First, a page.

Queen Victoria Seaman’s Rest.
This was a more significant brand refresh project, with a modern and updated logo.
The charity has been established for over 176 years and was keen to really revamp the logo but to retain the important visual history of the brand.
Our brand refresh process.
We don’t employ a one-size-fits-all approach as everyone is different, but broadly, our projects follow this process
The brief and scope.
A brief is not a meeting or a phone call; it’s a document that sets out (in as much detail as needed) the scope of the project:
- Why are we doing this, and what is the driver for change?
- What do we want to achieve?
- What are the expectations for the project?
- What are we delivering?
- How will this be rolled out?
- What’s the budget?
- How will we measure success?
The more established the current branding, the more thinking needs to go into the brief.
For younger brands, where the original branding was often done quickly, and on a shoestring budget, there may be less of a requirement.
Either way, a conversation followed by a written brief is a must.
The more information we have, the better informed the refresh of your brand will be.
- How and why is your branding where it currently is?
- What was the thought process behind this?
- What should be retained, removed or reworked?
- Are there previous iterations of your logo that were more suited to you?
- What do your current marketing and brand collateral look like?
- Have you had negative/positive feedback from customers?
- Is a brand refresh the real answer to the problem you are trying to solve?
Good design is commercially-aware and business savvy, not just eye candy, so research is a crucial aspect of any brand refresh project.
We’re an old-school creative agency. We think first, draw second and explain our creative thinking.
What you can expect from us is the following:
- Hand-drawn concepts that focus on the big idea rather than the minute details
- Fewer rather than many ideas; you came to us for the right solution, not a ‘pick the one you hate the least’ approach
- Meaningful and considered creative that’s on-brief and on-point with your objectives
The initial concepts will all be serious contenders if the brief is well written: clever creativity paired with solid thinking.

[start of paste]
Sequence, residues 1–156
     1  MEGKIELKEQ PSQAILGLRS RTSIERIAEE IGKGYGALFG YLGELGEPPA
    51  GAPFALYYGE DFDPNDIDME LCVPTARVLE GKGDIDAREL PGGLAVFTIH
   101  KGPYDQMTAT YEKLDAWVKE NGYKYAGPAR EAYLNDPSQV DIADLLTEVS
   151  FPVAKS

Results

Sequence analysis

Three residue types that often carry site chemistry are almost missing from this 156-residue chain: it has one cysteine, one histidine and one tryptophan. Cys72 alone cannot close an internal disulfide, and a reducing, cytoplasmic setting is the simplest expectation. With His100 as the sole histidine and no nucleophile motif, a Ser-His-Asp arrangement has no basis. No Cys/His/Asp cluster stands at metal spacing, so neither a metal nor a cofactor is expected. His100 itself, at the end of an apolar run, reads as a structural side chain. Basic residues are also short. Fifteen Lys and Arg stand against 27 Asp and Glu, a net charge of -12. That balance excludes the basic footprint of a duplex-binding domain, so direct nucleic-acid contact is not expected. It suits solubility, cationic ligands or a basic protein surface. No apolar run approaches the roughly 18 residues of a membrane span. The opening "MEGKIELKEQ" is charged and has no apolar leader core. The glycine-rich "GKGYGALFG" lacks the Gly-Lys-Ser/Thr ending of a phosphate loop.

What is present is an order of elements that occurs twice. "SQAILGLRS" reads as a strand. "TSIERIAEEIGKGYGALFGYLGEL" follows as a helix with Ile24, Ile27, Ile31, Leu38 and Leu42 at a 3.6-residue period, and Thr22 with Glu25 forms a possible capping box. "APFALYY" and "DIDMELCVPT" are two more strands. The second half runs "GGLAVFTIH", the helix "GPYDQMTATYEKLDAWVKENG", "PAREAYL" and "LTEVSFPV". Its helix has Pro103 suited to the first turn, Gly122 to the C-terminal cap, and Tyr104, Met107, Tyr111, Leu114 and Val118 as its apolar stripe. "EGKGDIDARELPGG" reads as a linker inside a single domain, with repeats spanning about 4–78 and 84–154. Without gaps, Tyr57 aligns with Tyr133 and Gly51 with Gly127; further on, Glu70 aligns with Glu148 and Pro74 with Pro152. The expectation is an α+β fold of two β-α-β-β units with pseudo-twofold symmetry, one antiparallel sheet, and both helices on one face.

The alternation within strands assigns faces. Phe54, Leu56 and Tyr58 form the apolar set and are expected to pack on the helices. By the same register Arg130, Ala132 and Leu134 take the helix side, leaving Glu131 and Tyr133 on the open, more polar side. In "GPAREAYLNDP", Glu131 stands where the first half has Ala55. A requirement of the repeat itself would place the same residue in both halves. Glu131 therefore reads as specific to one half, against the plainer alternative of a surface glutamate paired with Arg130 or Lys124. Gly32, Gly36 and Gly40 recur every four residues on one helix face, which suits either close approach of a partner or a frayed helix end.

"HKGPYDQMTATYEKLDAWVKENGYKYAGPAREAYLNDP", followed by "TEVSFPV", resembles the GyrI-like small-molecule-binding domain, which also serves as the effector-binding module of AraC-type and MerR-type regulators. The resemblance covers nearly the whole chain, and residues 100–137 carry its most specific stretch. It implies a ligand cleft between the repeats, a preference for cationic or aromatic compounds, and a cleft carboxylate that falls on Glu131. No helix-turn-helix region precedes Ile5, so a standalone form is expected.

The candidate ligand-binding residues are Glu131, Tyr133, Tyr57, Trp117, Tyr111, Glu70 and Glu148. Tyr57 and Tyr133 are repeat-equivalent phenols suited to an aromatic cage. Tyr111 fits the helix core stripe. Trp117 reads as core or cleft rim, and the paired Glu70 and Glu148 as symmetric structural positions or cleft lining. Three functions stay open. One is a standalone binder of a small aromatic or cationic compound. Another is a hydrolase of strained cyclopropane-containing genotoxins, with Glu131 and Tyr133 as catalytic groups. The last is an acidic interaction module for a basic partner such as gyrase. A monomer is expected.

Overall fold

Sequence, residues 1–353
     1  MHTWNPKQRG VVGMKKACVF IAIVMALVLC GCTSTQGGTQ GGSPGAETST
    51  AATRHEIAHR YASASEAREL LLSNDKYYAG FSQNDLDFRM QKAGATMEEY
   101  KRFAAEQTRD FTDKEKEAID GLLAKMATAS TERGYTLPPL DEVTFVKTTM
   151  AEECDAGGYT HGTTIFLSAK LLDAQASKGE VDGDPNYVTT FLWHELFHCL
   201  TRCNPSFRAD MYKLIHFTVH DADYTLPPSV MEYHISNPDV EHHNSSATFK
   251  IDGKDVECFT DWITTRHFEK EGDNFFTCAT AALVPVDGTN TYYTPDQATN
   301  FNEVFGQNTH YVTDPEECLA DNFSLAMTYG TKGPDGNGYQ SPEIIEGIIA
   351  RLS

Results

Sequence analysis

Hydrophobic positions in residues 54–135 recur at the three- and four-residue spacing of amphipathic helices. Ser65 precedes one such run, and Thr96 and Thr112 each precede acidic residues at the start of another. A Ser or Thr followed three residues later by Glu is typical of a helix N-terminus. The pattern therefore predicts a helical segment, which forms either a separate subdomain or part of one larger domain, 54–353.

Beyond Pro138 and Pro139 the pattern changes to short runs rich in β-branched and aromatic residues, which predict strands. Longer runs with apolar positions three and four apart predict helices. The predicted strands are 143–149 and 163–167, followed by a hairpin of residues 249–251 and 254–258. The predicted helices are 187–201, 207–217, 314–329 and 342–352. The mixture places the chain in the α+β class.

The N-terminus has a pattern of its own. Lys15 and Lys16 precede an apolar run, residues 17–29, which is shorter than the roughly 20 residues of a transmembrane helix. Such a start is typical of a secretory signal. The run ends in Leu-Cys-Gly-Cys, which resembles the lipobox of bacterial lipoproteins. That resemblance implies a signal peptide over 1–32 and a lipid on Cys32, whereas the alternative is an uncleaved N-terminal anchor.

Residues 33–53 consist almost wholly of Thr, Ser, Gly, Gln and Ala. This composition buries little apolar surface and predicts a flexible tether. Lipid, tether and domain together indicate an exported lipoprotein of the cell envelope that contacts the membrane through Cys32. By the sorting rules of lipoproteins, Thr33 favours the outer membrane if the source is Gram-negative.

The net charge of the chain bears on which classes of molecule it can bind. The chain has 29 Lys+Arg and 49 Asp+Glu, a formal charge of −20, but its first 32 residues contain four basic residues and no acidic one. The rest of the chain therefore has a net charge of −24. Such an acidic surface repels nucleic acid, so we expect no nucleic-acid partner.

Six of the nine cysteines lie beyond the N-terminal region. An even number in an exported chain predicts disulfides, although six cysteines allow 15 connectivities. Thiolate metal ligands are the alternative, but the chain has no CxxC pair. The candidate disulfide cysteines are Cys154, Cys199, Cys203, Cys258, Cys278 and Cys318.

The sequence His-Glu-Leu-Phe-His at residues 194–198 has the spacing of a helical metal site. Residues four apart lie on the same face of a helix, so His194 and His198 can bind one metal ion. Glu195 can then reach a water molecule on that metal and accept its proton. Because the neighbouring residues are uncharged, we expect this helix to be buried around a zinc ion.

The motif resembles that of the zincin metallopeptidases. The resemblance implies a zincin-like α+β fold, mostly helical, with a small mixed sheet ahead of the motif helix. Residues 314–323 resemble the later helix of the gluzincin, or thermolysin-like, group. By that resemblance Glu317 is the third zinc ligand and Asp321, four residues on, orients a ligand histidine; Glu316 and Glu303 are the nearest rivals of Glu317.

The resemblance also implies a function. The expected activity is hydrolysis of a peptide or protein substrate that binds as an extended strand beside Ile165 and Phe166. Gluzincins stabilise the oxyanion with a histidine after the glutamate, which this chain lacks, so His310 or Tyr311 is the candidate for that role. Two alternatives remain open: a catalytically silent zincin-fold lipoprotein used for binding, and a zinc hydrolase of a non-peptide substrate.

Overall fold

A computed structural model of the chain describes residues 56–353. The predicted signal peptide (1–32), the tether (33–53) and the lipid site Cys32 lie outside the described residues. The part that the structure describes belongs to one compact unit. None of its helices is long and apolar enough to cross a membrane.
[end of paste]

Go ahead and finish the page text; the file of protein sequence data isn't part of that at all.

This stage involves jumping into Adobe Illustrator to work the selected initial drawings and sketches into more polished designs.
These will be presented for comments and feedback, and we will go through as many rounds of design development as needed to arrive at the right design.
Art working is one of the most underrated branding and logo design skills.
Up to this point, we’ll have been working-up designs to a visual stage and have chosen the right design that answers the brief.
Artworking isn’t about sending you some PNG files; it’s about the actual craft of balancing and fine-tuning the final design until it’s pixel-perfect.
This involves a lot of odd things that professional designers do, like flipping the logo backwards to correct the optical kerning and tracking, subtlety personalising the font, so it’s unique to your logo, and a range of other odd stuff to make the logo 100% perfect.
Many people don’t know that software such as PowerPoint, Word, Illustrator and Figma use math to space letters, align items and layout the composition of items on the screen.
Math can only do an okay job, but when the final design is reached, these things need to be done visually, both on-screen and by printing things out and checking everything.
You may not notice an error in a logo or logotype if this is not done correctly. Still, as soon as you do, you will never be able to unsee it, which is why we are serious about artwork, peer-checking, re-working the artwork and making sure everything is perfect.
We will send you the final artwork files in all the formats you need once this has been done.
An optional element to all brand refresh projects, but one we strongly recommend.
A set of visual guidelines for your refreshed brand will ensure everything is done and used correctly.
These don’t need to be overly complex, but without them, staff, suppliers and anyone that uses your new branding can be left to make their own decisions about how things should look.
A set of visual identity guidelines ensure that all the hard work that goes into refreshing your brand does not go to waste.